I will almost certainly be making some portfolio shifts this month. As always, subscribers will be informed when I make such trades, and the new portfolio makeup after those trades are made. Y’all have a great October!
I wanted to focus once again on the diversification ACCRE provides in a well-managed portfolio. As previously, we measure this with the Sharpe Ratio (the average daily excess returns) and the correlation with the S&P. Both of these metrics continue to be solid — ACCRE’s Sharpe Ratio is 0.07% compared to the S&P’s 0.02%. This is the average daily return over and above what you would have earned had you simply invested in the T-bill rate, divided by the standard deviation. It means that not only are ACCRE’s returns superior to the S&P, but we also do that without taking on excess risk. By the way, the correlation with the S&P continues to be great — 43.2%.
This month, I wanted to look at ACCRE from another perspective. Like most of you, I have other investments, and like most of you should be, I’m concerned. One simple way of looking at this is to compare these investments to their 200 day moving averages and 50 day moving averages. Conventional wisdom suggests that when these two cross or diverge, we have buying or selling signals. (The charting logic is somewhat more complex than this, but I’m over-simplifying on purpose.)
For comparison sake, I’ve normalized both ACCRE and the S&P =1 as of the date we started (April 1, 2017) and graphed both together. As you can see, ACCRE really “took off” after early 2018. More to the point, ACCRE has a solidly up-trending 200 day moving average (the black dotted line) while the S&P is somewhat flat-lined right now (the solid black line). However, for both, the 50-day moving averages (the thinner dotted and solid lines) are both in “bull” territory right now. Note that the crossing of the S&P’s 50- and 200- day averages back in the Winter gave an unambiguous selling signal. However, the corresponding “buy” signal for the S&P this past Spring actually lagged the market. For ACCRE, the signals have been positive throughout, although the peak and trough in the 50-day average for ACCRE last summer and this past Spring were very useful indicators.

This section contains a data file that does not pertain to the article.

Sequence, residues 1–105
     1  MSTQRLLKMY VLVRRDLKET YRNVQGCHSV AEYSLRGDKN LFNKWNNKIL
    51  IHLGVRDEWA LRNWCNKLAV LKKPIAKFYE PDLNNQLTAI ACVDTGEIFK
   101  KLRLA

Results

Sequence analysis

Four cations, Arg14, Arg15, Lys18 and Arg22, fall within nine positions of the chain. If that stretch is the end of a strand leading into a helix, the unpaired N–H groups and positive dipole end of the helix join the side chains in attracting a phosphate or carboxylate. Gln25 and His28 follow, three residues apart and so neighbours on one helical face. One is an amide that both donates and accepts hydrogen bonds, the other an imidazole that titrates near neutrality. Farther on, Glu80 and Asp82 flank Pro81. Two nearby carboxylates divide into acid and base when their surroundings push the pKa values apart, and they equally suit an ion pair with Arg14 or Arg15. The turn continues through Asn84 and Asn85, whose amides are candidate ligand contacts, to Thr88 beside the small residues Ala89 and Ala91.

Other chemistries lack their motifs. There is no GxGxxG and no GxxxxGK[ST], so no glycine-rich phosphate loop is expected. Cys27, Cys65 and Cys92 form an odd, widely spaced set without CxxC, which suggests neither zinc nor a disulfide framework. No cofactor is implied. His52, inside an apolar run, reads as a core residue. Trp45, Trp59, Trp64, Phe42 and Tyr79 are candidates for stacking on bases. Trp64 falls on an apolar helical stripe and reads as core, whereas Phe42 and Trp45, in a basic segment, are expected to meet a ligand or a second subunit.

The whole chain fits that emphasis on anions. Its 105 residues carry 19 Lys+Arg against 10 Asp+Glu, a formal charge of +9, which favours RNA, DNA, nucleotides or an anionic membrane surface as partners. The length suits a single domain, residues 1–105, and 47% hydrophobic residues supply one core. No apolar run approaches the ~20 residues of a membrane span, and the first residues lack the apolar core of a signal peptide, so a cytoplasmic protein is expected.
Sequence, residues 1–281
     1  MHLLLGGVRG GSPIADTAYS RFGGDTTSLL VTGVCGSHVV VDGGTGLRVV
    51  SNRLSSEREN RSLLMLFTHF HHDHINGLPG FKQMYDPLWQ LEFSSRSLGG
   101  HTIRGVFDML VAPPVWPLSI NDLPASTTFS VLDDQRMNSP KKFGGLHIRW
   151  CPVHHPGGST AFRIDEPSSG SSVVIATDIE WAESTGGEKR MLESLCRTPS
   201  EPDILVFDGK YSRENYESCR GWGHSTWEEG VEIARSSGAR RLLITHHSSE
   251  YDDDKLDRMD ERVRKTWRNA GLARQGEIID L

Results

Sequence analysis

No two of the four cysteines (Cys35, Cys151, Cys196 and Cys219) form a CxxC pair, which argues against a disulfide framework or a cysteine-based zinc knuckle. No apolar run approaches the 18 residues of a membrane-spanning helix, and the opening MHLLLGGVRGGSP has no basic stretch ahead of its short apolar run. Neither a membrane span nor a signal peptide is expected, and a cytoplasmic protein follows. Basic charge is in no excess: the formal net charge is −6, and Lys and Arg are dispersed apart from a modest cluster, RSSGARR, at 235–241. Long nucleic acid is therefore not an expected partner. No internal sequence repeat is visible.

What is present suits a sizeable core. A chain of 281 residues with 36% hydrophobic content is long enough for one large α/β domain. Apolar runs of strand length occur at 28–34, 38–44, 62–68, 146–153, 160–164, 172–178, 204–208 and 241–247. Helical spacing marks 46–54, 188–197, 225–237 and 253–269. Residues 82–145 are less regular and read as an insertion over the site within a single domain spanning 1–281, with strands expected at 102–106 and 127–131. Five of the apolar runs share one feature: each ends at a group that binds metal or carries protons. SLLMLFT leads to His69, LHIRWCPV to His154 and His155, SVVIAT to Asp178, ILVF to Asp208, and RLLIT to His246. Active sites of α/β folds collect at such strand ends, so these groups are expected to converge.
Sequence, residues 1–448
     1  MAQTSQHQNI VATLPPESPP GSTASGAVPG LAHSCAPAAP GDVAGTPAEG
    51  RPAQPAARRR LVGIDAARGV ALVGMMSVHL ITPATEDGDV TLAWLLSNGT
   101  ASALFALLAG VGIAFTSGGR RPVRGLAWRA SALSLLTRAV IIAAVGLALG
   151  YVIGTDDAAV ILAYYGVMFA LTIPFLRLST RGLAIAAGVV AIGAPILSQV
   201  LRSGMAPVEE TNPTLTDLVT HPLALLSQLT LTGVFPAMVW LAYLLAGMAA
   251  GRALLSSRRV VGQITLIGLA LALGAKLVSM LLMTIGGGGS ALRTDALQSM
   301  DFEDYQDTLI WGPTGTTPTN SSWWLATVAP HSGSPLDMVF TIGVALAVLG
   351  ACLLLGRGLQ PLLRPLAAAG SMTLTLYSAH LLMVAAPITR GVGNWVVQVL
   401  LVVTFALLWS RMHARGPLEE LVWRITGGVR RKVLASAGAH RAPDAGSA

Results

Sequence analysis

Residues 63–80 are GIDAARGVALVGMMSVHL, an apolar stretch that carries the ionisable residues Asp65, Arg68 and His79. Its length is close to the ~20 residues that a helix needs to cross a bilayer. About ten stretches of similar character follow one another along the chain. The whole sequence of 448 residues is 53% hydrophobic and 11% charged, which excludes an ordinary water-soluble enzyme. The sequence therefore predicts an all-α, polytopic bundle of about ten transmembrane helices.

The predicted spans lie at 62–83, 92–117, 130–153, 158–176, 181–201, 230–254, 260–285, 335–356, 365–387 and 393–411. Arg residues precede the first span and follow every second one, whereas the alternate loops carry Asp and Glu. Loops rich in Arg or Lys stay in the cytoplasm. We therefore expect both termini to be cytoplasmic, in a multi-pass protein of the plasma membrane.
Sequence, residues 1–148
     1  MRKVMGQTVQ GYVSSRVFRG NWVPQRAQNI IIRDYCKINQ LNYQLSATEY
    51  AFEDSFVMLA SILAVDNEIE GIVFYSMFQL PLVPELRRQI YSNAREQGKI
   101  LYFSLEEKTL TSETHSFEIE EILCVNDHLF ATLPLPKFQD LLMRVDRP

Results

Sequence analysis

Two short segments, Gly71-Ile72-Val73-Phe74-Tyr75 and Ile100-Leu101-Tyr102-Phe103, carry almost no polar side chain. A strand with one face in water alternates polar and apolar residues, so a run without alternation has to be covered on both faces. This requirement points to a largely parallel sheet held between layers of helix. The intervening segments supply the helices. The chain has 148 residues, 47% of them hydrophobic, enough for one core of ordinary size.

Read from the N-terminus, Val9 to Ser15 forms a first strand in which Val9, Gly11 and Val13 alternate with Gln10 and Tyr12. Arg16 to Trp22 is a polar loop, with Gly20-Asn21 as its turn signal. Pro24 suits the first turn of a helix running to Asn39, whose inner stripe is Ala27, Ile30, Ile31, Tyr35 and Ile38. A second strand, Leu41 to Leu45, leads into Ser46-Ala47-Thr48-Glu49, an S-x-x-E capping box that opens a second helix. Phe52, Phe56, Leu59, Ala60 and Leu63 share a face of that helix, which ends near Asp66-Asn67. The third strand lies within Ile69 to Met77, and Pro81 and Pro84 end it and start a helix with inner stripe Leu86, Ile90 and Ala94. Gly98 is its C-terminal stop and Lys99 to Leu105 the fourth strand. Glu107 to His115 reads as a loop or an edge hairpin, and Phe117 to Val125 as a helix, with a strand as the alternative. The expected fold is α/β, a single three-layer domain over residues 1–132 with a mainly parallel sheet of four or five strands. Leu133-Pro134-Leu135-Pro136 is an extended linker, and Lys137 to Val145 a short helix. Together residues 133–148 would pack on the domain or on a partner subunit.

We’re not really chartists here at ACCRE, and the old Wall Street adage of “never try to catch a falling knife” is very useful in these situations. However, in hindsight, these signals tell us a lot about what our more fundamental analysis has shown to be true and useful.
Sorry for the delay, folks. We’ve made a few changes to the way we measure our data, and frankly September has been a terrifically busy month! Now, on with the good news.
ACCRE had a stellar August, particularly compared to the S&P. We turned in a very solid 3.6% monthly return, which means that a dollar invested in ACCRE at the inception is now worth $1.63. The S&P, in turn, had a crummy month, both in terms of returns and volatility. The S&P ended August with a negative 1.81% return. If you had invested that same dollar in the S&P back when we started ACCRE (and many of you did!), it would only be worth $1.24 today.
We have changed our REIT benchmark. We were previously using the monthly NAREIT index, computed by the Financial Times folks. Unfortunately, this index was only reported monthly, and was usually a bit lagged. For that reason, we’ve switched to using the S&P REIT index, which is reported on a daily basis. We’ve gone back to the inception of ACCRE and re-computed REIT benchmark returns accordingly. Note that the S&P REIT benchmark is an “all in” index, including both dividends and price gains.
We’ll report volatility and Sharpe Index data later in the month.